Kira and Peter are sitting on the front steps of their house. The feeling of distance between them reminds Peter of the barrier of grief they felt in the aftermath of Isak’s death. Peter blames himself; his club is responsible for the way Kevin was nurtured. Kira feels nothing but the desire to kill Kevin.
Maya’s tragedy is reminiscent of Isak’s death for the Anderssons, if only in the sense that it reminds the parents how little control they really have. Peter recognizes that hockey plays a likely role, which only increases his sense of responsibility.
Kira kisses Ana, who’s crying and ashamed over the shattered computer. She explains to Ana that she loves her, but that the Anderssons need to be together as a family right now. Peter drives Ana home, wishing he could say something comforting, but unable to lie. After she gets home, Ana takes her dogs into the forest and cries into their fur.
Ana belongs to the family in a way, but the Anderssons need space to process their grief separately for a while. Ana’s reliance on her dogs shows that the animals can offer her more comfort than humans; in a way, the town’s obsession with being “bears” has made everyone a little less human in times of crisis.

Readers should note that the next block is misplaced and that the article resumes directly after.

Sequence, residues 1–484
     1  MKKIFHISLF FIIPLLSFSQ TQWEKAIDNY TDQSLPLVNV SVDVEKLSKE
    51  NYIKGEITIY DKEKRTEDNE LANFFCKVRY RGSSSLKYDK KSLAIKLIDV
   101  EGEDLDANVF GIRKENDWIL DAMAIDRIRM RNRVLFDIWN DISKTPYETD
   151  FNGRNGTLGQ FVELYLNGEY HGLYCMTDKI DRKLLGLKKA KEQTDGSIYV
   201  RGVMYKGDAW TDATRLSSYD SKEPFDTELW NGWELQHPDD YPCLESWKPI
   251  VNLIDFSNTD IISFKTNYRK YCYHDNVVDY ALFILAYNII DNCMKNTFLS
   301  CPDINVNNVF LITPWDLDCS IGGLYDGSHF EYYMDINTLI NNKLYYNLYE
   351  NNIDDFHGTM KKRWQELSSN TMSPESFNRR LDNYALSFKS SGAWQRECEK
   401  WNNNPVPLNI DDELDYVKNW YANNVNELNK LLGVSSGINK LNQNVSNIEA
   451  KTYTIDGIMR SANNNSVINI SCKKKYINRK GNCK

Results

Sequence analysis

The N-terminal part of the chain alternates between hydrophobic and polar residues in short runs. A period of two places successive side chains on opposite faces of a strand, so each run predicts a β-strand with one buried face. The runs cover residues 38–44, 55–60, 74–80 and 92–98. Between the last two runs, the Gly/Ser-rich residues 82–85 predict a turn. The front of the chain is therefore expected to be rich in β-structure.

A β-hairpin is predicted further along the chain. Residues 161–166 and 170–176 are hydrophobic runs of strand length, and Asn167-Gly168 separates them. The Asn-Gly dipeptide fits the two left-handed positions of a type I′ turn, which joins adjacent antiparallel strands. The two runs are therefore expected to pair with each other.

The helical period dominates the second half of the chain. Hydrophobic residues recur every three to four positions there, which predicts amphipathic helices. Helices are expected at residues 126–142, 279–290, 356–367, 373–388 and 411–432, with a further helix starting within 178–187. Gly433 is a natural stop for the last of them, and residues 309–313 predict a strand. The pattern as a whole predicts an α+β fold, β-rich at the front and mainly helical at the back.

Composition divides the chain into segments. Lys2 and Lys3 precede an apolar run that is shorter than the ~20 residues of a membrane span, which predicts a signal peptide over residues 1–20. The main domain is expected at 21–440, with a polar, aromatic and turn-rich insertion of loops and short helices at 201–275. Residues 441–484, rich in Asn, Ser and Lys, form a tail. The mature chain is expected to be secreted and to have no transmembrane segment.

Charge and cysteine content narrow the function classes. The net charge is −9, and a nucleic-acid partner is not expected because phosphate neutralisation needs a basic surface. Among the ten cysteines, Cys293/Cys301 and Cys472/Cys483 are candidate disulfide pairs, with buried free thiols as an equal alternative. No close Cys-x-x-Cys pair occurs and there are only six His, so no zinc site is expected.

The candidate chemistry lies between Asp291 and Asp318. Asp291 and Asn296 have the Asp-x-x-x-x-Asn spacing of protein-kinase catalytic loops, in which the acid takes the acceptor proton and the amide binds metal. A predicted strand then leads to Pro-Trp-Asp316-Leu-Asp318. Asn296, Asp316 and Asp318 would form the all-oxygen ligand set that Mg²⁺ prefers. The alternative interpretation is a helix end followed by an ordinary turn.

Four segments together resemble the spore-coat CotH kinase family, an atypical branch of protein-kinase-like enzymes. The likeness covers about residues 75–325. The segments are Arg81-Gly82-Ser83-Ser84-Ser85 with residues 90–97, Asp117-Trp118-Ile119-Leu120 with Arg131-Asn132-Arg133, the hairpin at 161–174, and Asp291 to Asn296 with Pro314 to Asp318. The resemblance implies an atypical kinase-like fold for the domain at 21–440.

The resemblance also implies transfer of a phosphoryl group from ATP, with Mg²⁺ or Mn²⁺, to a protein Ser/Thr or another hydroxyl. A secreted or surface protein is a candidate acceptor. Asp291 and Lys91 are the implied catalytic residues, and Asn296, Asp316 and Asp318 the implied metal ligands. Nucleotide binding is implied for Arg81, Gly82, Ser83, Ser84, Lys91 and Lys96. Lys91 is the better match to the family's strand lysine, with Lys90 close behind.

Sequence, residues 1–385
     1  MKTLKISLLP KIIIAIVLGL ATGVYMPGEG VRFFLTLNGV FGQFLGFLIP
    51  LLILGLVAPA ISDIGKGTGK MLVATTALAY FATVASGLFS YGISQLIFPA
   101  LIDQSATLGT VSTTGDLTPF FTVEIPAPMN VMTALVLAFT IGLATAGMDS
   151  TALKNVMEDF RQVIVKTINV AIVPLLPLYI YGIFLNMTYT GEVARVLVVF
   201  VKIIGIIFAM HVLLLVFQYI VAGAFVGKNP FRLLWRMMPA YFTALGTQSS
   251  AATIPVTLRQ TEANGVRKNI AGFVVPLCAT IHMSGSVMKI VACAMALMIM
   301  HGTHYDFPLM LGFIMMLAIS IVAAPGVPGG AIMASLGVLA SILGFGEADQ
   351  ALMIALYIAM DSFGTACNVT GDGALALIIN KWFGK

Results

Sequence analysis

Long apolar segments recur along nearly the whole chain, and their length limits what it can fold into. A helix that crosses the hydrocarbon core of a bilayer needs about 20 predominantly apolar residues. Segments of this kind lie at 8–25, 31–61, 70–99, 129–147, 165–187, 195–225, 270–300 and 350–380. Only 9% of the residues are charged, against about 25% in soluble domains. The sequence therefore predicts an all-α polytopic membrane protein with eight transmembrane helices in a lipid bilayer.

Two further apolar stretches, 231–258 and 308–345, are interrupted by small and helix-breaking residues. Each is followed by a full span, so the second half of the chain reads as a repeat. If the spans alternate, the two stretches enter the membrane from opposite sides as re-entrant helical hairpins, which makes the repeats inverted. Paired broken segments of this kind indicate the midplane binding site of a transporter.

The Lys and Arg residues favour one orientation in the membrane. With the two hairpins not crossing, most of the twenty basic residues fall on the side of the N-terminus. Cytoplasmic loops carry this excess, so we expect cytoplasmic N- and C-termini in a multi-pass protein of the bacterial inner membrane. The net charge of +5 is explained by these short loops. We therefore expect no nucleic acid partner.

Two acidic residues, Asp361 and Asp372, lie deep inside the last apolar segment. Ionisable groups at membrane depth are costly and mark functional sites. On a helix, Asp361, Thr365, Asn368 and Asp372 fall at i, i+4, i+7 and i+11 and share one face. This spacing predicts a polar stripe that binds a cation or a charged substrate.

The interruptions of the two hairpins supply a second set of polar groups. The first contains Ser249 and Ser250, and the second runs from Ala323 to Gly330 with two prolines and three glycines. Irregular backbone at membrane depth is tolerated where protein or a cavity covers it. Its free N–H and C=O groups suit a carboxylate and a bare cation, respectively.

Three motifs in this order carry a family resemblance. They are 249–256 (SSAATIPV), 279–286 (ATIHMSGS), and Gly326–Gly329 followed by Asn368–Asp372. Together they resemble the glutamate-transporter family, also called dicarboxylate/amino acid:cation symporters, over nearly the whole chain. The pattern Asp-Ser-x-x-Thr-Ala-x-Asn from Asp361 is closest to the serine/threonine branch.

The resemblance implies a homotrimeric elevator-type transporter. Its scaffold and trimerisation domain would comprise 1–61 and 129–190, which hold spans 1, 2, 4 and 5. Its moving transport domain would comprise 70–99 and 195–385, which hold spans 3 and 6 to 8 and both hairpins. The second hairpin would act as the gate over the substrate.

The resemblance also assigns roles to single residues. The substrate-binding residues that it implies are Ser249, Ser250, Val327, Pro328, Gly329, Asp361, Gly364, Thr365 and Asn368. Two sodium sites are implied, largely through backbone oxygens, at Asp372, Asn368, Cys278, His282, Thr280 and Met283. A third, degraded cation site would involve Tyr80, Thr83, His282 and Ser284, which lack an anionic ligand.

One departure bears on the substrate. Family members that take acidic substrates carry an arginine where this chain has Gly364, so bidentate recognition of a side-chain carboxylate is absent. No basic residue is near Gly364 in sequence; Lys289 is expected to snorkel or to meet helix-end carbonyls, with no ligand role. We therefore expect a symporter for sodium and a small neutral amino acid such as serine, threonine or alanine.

Back at home, Peter and Kira cry together, unable to figure out how to help Maya through this, suspecting that she’s already stronger than them. Kira says it isn’t Peter’s fault or hockey’s; after all, “it takes a village to raise a child.” Peter says that maybe they picked the wrong village.
While Maya is the victim of the tragedy, Peter and Kira carry the additional burden of their helplessness and the shame of not having been able to do something to spare Maya. Peter fears that the particular culture of this town is to blame, which indicates just how much the town will unravel in the aftermath.
Early the next morning, the members of the hockey team march through town as a group, feeling as if they’re under attack and searching for an enemy. Amat doesn’t join them. He just skates furiously around the rink, crashing himself into the boards and waiting until he’s sweating profusely so that no one can tell he’s crying.
Even as the Anderssons search for a way to deal with their grief, the hockey team, too, looks for an outlet; an attack on Kevin is an attack on them. The fact that they just want an enemy shows how the town’s fixation on insiders vs. outsiders will inevitably lead to conflict.